Latest Dead zone Stories

2010-06-07 09:05:00

While an out-of-control gusher deep in the Gulf of Mexico fouls beaches and chokes marshland habitat, another threat could be growing below the oil-slicked surface. The nation's worst oil spill could worsen and expand the oxygen-starved region of the Gulf labeled "the dead zone" for its inhospitability to marine life, suggests Michigan State University professor Nathaniel Ostrom. It could already be feeding microbes that thrive around natural undersea oil seeps, he says, tiny critters that...

2010-03-12 08:42:24

As oxygen-deprived waters increase, they emit more greenhouse gasses into atmosphere The increased frequency and intensity of oxygen-deprived "dead zones" along the world's coasts can negatively impact environmental conditions in far more than just local waters. In the March 12 edition of the journal Science, University of Maryland Center for Environmental Science oceanographer Dr. Lou Codispoti explains that the increased amount of nitrous oxide (N2O) produced in low-oxygen (hypoxic) waters...

2009-10-22 15:34:09

A team of researchers at the University of British Columbia, along with colleagues at the US Dept. of Energy Joint Genome Institute, has mapped the genome of a microbe that is silently helping to shape the ecology of oxygen-minimum areas in the ocean known as dead zones. "Microbes specialize in metabolic innovation and many can use alternatives to oxygen, including nitrates, sulfates and metals, breathing these compounds instead of oxygen. These adaptations likely enable them to thrive in...

2009-10-10 08:42:34

Underwater robotic gliders help reveal why massive oceanic expanses are losing virtually all of their marine life every summer Every summer since 2002, Oregon's coastal waters have been invaded by massive low-oxygen zones, commonly known as "dead zones," that become so oxygen-starved that most animals flee, die or suffer severe stress. In order to determine how and why these dead zones form, scientists must continually monitor conditions in affected waters, which may cover hundreds or even...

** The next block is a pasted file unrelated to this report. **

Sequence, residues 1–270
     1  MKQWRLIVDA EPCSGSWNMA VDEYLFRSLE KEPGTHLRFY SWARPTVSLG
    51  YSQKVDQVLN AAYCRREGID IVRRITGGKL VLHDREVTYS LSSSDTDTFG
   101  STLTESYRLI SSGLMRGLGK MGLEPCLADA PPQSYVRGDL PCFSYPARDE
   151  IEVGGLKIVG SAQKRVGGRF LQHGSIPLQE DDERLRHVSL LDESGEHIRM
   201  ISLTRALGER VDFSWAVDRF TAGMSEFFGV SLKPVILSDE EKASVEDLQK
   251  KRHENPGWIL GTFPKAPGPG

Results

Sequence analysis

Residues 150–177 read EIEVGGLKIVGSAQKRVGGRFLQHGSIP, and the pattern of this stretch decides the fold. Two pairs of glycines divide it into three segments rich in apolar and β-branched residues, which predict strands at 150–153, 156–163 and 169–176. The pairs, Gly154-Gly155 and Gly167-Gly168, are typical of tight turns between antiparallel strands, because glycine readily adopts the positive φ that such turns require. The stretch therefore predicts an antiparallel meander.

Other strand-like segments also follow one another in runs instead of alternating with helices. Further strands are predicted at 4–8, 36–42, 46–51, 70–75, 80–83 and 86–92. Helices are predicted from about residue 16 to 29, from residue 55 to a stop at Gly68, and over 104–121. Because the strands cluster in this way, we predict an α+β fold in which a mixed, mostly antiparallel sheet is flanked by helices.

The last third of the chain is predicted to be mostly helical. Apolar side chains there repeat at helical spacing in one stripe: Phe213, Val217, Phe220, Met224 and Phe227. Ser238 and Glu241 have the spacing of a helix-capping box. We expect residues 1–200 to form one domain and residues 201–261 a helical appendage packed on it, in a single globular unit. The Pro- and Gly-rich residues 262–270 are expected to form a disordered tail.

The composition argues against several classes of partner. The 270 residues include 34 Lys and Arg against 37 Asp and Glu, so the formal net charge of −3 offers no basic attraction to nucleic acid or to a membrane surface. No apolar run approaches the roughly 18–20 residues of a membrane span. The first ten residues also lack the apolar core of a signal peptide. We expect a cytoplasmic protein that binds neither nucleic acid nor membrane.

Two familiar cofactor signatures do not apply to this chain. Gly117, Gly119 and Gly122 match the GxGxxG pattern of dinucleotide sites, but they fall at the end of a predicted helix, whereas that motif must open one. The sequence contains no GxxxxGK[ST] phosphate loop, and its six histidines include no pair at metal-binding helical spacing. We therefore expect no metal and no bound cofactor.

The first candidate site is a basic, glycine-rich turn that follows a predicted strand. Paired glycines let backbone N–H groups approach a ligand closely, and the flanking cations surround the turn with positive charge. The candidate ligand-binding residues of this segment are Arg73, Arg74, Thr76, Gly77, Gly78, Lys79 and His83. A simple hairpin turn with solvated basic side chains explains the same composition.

2009-10-10 08:36:32

Scientists work to explain why massive "dead zones" have been invading the Pacific Northwest's near-shore waters since 2002 Yet another ecological scourge may earn a place on the ever-lengthening list of problems potentially caused by climate change: the formation of some so-called "dead zones""”huge expanses of ocean that lose virtually all of their marine life at depth during the summer. Possible connections between climate change and the relatively recent formation of dead zones in...

2009-09-16 10:24:52

Scientists in Pennsylvania report that boosting production of crops used to make biofuels could make a difficult task to shrink a vast, oxygen-depleted "dead zone" in the Gulf of Mexico more difficult. The zone, which reached the size of Massachusetts in 2008, forms in summer and threatens marine life and jobs in the region. Their study is scheduled for the Oct. 1 issue of ACS' semi-monthly journal Environmental Science & Technology. Christine Costello and W. Michael Griffin and...

2009-07-25 13:35:00

A scientist reported Friday that the Gulf of Mexico's "dead zone," where low amounts of oxygen in the water make it hard for anything to live there, is less than half the size as predicted earlier this year. Every year in the gulf bacteria, Which feed on algae blooms from the flow of farming runoff and other nutrients from the Mississippi River, cause the notorious hypoxic area to form in the Gulf. According to Nancy Rabalais, a researcher that specializes in the problem for the Louisiana...

2009-06-18 13:00:00

University of Michigan aquatic ecologist Donald Scavia and his colleagues say this year's Gulf of Mexico "dead zone" could be one of the largest on record, continuing a decades-long trend that threatens the health of a half-billion-dollar fishery. The scientists' latest forecast, released today, calls for a Gulf dead zone of between 7,450 and 8,456 square miles"”an area about the size of New Jersey. Most likely, this summer's Gulf dead zone will blanket about 7,980 square miles, roughly...

2009-04-10 14:39:09

Bill Deutsch, of Auburn University, has launched a new project that is aimed at reducing farm runoff that has become a driving force behind water pollution in the Gulf of Mexico. The $300,000 project, funded by the US Environmental Protection Agency, will combine the efforts of colleagues in Veracruz, Mexico as a part of a three-year project to monitor pollution levels of water flowing into the Gulf. As a result of the study, Deutsch and colleagues hope to determine new methods that will...

2009-04-03 13:45:09

Polluted water from Chicago has helped create a dead zone in the Gulf of Mexico, where excess algae suffocates marine life, says a U.S. Geological Survey study. Chicago was named the top offender in the study of the causes of nitrogen and phosphorus pollution in the 8,000 square-foot dead zone, Chi-TownDailyNews.org reported Friday. The study released Thursday examined sources for 150 watersheds in the Mississippi River Basin. Chicago's Metropolitan Water Reclamation District, or MWRD, ranked...

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